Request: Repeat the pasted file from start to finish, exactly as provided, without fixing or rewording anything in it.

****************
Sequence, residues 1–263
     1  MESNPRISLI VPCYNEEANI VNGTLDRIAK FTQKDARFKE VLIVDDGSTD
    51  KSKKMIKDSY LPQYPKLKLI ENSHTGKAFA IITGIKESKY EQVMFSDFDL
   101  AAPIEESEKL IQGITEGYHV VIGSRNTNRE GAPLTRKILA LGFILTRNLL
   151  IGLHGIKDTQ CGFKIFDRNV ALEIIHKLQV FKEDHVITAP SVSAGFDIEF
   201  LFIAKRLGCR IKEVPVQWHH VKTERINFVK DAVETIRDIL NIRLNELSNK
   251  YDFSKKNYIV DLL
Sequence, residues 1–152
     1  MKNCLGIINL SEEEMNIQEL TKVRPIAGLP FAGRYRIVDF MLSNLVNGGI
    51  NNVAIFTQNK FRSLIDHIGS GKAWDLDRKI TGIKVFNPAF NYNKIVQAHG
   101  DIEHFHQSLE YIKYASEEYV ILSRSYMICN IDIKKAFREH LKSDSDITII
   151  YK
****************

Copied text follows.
Sequence, residues 1–263
     1  MESNPRISLI VPCYNEEANI VNGTLDRIAK FTQKDARFKE VLIVDDGSTD
    51  KSKKMIKDSY LPQYPKLKLI ENSHTGKAFA IITGIKESKY EQVMFSDFDL
   101  AAPIEESEKL IQGITEGYHV VIGSRNTNRE GAPLTRKILA LGFILTRNLL
   151  IGLHGIKDTQ CGFKIFDRNV ALEIIHKLQV FKEDHVITAP SVSAGFDIEF
   201  LFIAKRLGCR IKEVPVQWHH VKTERINFVK DAVETIRDIL NIRLNELSNK
   251  YDFSKKNYIV DLL
Sequence, residues 1–152
     1  MKNCLGIINL SEEEMNIQEL TKVRPIAGLP FAGRYRIVDF MLSNLVNGGI
    51  NNVAIFTQNK FRSLIDHIGS GKAWDLDRKI TGIKVFNPAF NYNKIVQAHG
   101  DIEHFHQSLE YIKYASEEYV ILSRSYMICN IDIKKAFREH LKSDSDITII
   151  YK